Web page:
Published online by Cambridge University Press: 18 January 2022
The activation of social protection is one of the most important current transformations of social protection across Europe. However, there is disagreement about how it should be interpreted. The purpose of this chapter is to point out that:
• The concept of activation can be used in both a broad and narrow sense. In the broader sense, it reaches well beyond what is usually described as ‘activation’ (all sorts of welfare-to-work programmes and making work pay policies).
• There is no such thing as one universal activation rationale: instead, a diversity of solutions persists for activation in both the broad and narrow sense.
• The assessment of the meaning and impact of activation does not require knowledge about formal rules only, but also about the broader context as well as about the praxis of activation.
• Such an assessment can be made from mapping the consequences of activation on citizenship. For this purpose, we will need an analytical and robust notion of citizenship. On the basis of this, we shall bring some empirical evidence of actual transformations and reforms that have happened under the general banner of activation.
Activation of social protection: the broad sense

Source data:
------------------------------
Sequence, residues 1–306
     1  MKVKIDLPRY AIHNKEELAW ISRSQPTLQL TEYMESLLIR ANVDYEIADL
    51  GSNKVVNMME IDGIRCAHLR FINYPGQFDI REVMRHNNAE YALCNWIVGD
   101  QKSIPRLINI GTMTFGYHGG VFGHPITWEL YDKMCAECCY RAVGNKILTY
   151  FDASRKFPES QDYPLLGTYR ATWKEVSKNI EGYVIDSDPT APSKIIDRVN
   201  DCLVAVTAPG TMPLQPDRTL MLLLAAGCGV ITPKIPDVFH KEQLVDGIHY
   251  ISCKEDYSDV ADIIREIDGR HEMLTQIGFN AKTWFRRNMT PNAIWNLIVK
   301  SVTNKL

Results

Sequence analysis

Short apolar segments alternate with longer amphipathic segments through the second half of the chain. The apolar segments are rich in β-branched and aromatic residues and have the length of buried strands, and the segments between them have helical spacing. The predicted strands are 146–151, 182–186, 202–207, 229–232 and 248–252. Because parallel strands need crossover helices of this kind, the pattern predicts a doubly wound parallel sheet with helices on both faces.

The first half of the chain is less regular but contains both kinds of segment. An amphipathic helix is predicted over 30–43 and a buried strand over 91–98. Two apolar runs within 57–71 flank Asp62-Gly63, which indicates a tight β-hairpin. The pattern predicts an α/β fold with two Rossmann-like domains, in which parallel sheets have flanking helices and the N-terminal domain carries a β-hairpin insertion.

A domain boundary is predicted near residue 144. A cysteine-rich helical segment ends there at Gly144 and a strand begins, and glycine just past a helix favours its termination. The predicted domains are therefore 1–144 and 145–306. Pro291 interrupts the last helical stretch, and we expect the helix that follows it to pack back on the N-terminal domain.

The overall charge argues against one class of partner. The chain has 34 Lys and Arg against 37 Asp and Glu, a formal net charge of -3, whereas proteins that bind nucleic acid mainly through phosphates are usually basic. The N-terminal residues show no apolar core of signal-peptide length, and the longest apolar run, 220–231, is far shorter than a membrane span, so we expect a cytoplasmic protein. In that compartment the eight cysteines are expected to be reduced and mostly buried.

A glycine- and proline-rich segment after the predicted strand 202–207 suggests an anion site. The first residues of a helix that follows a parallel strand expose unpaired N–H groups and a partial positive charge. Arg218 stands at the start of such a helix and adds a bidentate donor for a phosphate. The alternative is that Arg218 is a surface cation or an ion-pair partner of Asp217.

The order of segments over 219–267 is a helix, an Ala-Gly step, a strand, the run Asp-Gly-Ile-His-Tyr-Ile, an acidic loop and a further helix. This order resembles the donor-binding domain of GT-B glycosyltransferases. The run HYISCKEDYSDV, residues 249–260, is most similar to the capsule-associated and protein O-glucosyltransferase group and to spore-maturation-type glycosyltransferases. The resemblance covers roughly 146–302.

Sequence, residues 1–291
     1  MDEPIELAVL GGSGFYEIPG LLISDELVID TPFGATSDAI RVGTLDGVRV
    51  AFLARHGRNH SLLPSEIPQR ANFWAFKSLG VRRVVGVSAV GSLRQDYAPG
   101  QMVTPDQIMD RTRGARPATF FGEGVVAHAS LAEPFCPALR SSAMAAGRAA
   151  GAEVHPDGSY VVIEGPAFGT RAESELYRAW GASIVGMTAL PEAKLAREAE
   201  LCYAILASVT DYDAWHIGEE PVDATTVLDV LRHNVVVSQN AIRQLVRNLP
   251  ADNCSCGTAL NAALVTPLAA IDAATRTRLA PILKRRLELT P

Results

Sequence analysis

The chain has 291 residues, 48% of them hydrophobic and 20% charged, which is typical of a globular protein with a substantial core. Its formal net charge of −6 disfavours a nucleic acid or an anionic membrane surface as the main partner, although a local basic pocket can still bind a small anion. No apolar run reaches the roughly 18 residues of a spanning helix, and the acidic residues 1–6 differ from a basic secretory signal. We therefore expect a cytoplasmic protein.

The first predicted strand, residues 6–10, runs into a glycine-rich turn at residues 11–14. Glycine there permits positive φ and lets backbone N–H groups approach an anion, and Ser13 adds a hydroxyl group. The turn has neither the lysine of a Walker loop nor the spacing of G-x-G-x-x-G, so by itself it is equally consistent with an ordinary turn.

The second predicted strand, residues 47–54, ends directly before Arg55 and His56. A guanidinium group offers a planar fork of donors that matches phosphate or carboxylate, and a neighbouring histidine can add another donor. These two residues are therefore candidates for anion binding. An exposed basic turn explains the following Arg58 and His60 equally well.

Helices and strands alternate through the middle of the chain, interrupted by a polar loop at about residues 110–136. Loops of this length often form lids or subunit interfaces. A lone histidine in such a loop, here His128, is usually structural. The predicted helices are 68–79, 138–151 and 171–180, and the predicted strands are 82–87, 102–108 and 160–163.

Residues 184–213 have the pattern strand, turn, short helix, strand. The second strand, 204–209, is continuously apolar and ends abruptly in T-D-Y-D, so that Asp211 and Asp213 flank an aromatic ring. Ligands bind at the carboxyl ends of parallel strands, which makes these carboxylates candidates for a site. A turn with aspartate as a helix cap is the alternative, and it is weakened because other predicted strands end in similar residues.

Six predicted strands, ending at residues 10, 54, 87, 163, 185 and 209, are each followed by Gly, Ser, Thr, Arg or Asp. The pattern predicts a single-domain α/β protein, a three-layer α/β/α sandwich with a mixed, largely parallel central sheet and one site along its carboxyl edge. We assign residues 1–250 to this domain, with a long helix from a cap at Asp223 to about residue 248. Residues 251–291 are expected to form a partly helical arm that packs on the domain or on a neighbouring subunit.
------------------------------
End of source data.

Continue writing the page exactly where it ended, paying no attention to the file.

In the late 1990s, following the reforms in Denmark and the New Deal strategy in the UK, the activation slogan became fashionable internationally. For instance, the OECD was happy to popularise the Danish aktivering. However, little attention was given either to the diversity of historical and societal embeddedness of the reforms or to their special scope. Logically, the activation motto has consistently figured very high on the European employment strategy (EES) agenda.
As a scientific concept, activation can be constructed as describing a tendency observable in the transformation of all national systems. Activation is the introduction (or reinforcement) of an explicit linkage between, on the one hand, social protection and, on the other hand, labour-market participation. Redesigning these systems has led to enhancing the various social functions of paid work and labour-force participation, in increasingly compulsory forms in many national cases. The programmes potentially activated certainly go beyond traditional active labour-market policies (ALMP) or French-style insertion policies (Barbier and Théret, 2001). They also comprise benefit programmes (unemployment insurance and various assistance schemes for working age groups, including disability and some other family-related benefits); pension systems and most particularly, early retirement programmes and policies which aim at reforming the tax and benefits systems.